Home > travels-of-code-monkey > Monkey Animation Project Part 1: Labeling

Monkey Animation Project Part 1: Labeling

This Friday, we (BlackCatBonifide and I) release our Code Monkey video, comprising 600 photos of a stuffed monkey, traveling across the world at 12 frames per second, to the tune of Jonathan Coulton‘s song, Code Monkey. This week I will post a few essays describing the steps leading up to the final product.

This project has been almost two years in the making, all starting with this forum comment from Colleenky:

OK, this might be a crazy idea. What if I mailed a stuffed monkey to one of you, and you mailed it to another JoCo fan, and so on, until it finally reached JoCo one year from now on JoCo Day 2008? We could set up a Picasa site for pictures of the monkey in every location.

Over the course of the project, Mr. Monkey visited JoCo fans all over the U.S., including Bon and myself in Pittsburgh, and even ventured across the pond to visit fans in Sweden and the U.K. The fans were good enough to document Mr. Monkey’s travels, and upload them to a shared Picasa album. I had the idea almost immediately to put together an animation where Mr. Monkey stays in one place, with a flickering background, à la “Paris Hilton’s Face Never Changes”. I pretty quickly realized though, that most of the pictures being uploaded did not feature Mr. Monkey in the same pose; the distance and viewing angle from the camera varied pretty drastically. This made the problem more difficult, but also much more interesting. Instead of just making a simple gimmick animation where Mr. Monkey stays in one place, I got to create a complex gimmick animation where Mr. Monkey is semi-smoothly animated monkeying his way around the screen!

I wasn’t sure exactly where I was going with this when I started the project. It was exploratory coding, with the vague intention of creating some sort of animation. Many shortcuts were taken. Since I typically only had a couple hours at a time to work on it, I made it a point to take the shortest path to making something cool happen. Given a choice between a dirty hack I could pound out in one session, and doing something “right” across multiple sessions, I did the quick hack every time, and only returned to the more difficult path when and if the hack turned out not to be good enough.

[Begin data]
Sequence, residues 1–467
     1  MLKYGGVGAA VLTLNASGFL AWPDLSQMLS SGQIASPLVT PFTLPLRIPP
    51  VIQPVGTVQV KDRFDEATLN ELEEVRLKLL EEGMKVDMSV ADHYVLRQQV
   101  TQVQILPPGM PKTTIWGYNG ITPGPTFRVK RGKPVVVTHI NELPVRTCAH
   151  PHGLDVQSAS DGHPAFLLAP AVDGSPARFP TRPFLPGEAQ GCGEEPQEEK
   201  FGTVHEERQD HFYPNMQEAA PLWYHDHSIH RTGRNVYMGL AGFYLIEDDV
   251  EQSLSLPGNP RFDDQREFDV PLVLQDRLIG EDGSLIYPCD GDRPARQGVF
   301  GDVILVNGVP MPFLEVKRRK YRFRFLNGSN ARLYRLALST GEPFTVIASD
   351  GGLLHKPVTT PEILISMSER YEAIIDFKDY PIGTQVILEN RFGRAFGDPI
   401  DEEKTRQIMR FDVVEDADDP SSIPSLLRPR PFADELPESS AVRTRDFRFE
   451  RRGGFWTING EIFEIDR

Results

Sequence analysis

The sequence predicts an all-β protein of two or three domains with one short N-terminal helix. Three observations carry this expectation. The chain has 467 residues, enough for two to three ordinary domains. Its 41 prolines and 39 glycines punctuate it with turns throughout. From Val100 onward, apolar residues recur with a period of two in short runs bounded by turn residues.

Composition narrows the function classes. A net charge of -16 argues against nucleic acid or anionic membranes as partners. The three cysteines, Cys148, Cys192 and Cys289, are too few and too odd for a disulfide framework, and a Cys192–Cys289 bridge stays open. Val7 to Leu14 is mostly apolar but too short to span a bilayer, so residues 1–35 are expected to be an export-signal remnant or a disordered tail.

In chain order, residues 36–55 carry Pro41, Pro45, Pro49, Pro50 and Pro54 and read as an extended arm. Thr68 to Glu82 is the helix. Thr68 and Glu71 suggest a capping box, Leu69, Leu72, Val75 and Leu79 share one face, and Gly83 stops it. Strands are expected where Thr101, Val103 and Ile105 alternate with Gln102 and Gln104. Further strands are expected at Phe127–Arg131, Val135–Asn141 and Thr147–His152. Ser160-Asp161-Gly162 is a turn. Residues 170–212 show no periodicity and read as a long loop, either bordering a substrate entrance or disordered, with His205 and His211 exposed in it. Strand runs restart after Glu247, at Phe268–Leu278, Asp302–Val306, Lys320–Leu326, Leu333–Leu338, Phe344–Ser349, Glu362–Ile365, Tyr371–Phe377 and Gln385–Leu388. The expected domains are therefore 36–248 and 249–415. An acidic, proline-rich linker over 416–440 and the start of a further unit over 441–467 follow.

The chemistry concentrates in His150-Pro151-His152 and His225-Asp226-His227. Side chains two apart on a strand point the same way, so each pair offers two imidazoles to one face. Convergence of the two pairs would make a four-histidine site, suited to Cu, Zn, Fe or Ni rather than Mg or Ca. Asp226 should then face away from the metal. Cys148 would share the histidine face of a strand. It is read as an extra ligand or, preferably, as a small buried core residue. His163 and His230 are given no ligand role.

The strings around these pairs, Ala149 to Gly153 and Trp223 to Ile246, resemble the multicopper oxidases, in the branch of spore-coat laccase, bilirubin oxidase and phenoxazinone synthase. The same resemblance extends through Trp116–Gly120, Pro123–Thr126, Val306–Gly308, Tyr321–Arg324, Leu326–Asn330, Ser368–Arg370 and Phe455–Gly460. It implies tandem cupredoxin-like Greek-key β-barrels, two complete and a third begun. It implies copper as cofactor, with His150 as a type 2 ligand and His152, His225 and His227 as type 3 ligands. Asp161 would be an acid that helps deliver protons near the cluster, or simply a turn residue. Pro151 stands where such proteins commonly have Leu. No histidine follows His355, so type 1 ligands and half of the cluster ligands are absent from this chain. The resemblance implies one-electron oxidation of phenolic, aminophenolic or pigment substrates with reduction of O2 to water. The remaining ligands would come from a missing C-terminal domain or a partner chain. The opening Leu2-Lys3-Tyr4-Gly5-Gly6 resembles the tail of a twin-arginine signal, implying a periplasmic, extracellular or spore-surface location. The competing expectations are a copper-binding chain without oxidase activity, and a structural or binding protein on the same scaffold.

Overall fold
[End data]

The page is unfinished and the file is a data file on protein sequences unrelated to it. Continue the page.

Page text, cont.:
Step 1: Labeling

The first step was to figure out how to record Mr. Monkey’s position, orientation, and scale in each picture. In accordance with my philosophy of doing the simplest, dumbest, thing that might work, my first attempt was to manually use Gimp to measure Mr. Monkey’s (x,y) position and size in pixels, guesstimate his yaw, pitch, and roll, and annotate all of these as a prefix to the filename of each picture. This approach turned out to be a bit too simple to work. I actually did get as far as adding a prefix to all of the pictures specifying Mr. Monkey’s pitch, sorting by filename, and using that as a test animation where Mr. Monkey smoothly turned his head, but jumped around all over the screen. It was a start, but it quickly became evident that this labeling approach was too slow and inaccurate to be practical. The project got put on hold for a while at this point.